Proactive Market Makers (PMMs) aim to mimic human-style order books and keep adaptable liquidity pools. Oracles are used to stabilize pools and help them adapt to market conditions, and the price information provided is what helps maintain the order-book feel. Again this reduces impermanent loss and slippage, but similar to the previous two AMMs, these risks are replaced with oracle manipulation risks.

A common oracle used for these cases is Chainlink, which is decentralized and pulls its information from a collection of high-quality sources. It pulls price information directly from centralized exchange APIs and combines it, making the information extremely difficult to falsify.

Lending protocols are another essential service in decentralized finance that use oracles. They use them to determine whether a debt position is subject to liquidation. The lending market determines the price of collateral compared to the price of the loan, and if the ratio falls below a certain threshold, the position qualifies for liquidation

Let’s pretend ETH is $1000 again. Imagine you use 20 ETH (20,000 USD) as collateral to take out a loan of 15,000 DAI. The loan is over-collateralized with a liquidation threshold of 85%. If ETH decreases in value to 882.35 USD, your collateral would be worth $17,647 and you would be subject to liquidation. But how does a lending protocol like Maker determine the price of ETH? Oracles.

Using an oracle can help avoid bad debt and keep the lending protocol solvent. Information could be gathered to dictate what the maximum loan should be, accounting for the possible market impact it might have. Additionally, it could calculate a heavier interest rate for higher-interest loans, ensuring that there is always incentive to liquidate debt before it turns sour and loses its financial incentive. The integrity of the user can also be checked, evaluating their previous liquidation rates and financial health and analysis of the lenders.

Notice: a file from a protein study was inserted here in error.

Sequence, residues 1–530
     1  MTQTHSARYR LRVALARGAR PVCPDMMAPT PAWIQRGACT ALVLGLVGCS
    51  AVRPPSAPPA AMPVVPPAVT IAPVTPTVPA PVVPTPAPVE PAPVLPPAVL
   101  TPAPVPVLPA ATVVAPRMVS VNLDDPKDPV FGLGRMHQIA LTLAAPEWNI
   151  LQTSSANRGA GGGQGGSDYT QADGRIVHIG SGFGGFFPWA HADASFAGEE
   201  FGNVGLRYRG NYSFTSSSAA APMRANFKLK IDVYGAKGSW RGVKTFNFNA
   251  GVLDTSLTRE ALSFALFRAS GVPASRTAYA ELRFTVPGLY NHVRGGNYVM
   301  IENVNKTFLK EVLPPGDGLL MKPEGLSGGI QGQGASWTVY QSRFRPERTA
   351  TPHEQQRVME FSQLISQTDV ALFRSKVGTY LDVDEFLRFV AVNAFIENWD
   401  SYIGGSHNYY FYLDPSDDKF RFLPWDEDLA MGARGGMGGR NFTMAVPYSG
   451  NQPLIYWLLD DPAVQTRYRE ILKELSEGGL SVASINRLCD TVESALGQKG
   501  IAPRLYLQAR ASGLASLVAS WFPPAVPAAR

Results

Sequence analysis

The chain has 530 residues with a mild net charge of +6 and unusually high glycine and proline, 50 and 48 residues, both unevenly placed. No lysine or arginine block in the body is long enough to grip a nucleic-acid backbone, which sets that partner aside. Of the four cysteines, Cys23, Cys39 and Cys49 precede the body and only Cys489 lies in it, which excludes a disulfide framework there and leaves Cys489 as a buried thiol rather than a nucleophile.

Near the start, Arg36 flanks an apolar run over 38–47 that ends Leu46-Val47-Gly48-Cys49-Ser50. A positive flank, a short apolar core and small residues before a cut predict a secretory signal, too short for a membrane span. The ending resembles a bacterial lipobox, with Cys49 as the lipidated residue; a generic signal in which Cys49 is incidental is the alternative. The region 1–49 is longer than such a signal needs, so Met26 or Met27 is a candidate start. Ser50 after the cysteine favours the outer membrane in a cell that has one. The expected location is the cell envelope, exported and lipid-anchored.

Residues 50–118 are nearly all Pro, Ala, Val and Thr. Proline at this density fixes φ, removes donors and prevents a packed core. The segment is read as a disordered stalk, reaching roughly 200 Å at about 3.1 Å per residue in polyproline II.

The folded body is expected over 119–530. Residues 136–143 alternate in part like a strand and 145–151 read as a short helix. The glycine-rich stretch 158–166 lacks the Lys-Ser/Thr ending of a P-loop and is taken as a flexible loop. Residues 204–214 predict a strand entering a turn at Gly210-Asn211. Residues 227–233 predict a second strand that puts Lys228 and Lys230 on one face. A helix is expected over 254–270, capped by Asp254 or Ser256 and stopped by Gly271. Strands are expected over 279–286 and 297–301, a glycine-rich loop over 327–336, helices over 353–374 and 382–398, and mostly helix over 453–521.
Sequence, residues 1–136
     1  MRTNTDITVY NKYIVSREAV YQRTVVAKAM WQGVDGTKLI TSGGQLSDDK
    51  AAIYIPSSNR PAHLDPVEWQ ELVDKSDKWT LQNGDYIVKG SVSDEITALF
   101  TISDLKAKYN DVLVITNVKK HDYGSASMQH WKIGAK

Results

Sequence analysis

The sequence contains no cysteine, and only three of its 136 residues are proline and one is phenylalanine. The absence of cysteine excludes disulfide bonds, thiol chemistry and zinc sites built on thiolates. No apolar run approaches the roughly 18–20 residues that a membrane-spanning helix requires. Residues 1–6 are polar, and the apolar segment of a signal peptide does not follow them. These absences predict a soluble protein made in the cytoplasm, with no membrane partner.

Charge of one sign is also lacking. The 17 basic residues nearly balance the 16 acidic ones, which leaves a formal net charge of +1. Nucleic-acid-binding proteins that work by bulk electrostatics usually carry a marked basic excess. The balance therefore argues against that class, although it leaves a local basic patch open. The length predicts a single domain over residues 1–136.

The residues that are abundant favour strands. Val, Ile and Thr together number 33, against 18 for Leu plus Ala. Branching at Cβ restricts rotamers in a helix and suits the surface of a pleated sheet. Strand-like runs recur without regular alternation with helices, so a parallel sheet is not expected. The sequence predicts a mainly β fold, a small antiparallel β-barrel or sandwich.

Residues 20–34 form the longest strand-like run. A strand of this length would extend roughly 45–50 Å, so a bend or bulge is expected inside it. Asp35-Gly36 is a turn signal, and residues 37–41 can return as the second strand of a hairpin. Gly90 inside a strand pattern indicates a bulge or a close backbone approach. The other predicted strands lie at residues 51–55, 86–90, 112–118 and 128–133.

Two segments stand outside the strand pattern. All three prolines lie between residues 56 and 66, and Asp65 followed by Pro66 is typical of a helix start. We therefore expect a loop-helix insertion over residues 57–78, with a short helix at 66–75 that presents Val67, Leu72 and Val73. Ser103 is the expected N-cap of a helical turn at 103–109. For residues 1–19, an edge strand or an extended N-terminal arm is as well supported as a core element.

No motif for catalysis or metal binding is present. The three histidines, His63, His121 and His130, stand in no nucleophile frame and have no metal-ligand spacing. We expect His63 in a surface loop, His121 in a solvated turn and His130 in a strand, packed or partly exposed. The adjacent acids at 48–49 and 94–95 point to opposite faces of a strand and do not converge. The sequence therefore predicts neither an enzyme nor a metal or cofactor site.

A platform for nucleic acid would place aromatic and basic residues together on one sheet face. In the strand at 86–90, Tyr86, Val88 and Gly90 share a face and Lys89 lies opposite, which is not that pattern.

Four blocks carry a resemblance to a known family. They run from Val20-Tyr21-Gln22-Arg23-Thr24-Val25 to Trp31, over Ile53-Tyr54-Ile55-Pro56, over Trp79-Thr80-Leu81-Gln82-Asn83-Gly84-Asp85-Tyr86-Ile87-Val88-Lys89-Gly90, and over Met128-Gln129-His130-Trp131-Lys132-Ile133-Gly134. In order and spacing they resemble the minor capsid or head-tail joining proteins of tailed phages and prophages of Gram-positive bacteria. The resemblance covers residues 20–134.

Other than the previously mentioned oracle risks, this solution can be bypassed if large loans are scattered into many small loans. The oracle would have to somehow account for separate loans that may get liquidated at the same time to create a larger market impact.

Oracles Transfer Knowledge

Decentralized finance is the future of money, and AMMs and lending protocols play a large part in that. The use of oracles further develops those services to be safer, stronger, and more robust. Knowledge is power, and oracles can provide it in a trustless, decentralized manner. Sage advice is written in Delphi: “Know Thyself”. Our modern-day counterparts have an equally wise message: “Know Thy Markets”.

A version of this article initially appeared in BanklessDAO’s DeFi Download newsletter on January 19, 2023.

Author Bio

Bruvton is a poet and storyteller with a passion for the open-access movement. He currently studies in Prague where he is surrounded by good books and better beer.

Editor Bio

links is a web2 product leader and startup artist seeking inspiration in web3.

Designer Bio

Tonytad is a graphic designer who has worked locally and internationally with organisations and firms on over 200 projects, which includes branding, logo, flyers, cards, and covers.

BanklessDAO is an education and media engine dedicated to helping individuals achieve financial independence.

This post does not contain financial advice, only educational information. By reading this article, you agree and affirm the above, as well as that you are not being solicited to make a financial decision, and that you in no way are receiving any fiduciary projection, promise, or tacit inference of your ability to achieve financial gains.

Bankless Publishing is always accepting submissions for publication. We’d love to read your work, so please submit your article here!